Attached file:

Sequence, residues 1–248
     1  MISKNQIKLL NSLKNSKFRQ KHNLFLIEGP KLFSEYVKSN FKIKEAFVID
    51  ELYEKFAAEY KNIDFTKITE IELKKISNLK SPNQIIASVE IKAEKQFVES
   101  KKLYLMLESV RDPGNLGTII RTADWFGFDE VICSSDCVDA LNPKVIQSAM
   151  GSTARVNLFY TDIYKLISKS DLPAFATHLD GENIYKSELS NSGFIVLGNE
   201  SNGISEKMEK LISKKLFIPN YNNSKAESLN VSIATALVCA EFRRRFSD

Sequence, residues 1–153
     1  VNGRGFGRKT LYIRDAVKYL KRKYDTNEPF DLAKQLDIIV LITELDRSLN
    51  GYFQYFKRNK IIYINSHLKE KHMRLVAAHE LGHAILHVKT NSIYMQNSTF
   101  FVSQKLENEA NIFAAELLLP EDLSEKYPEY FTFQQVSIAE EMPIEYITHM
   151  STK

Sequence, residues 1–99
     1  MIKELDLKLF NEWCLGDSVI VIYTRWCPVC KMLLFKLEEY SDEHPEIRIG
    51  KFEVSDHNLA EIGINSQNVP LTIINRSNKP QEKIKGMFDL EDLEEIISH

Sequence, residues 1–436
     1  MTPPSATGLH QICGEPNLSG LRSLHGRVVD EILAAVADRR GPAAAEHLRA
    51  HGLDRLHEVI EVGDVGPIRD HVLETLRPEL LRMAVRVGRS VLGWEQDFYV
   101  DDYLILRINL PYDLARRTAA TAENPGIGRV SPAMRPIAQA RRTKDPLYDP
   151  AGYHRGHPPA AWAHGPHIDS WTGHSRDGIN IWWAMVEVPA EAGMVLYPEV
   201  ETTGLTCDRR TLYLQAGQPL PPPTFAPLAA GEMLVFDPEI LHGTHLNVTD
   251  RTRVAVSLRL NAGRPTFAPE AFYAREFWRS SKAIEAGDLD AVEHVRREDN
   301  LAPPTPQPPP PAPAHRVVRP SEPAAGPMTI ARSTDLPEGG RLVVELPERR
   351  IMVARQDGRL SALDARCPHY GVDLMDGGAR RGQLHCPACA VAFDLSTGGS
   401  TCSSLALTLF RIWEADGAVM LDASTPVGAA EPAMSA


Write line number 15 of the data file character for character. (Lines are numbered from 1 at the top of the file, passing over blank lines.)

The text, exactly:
Sequence, residues 1–436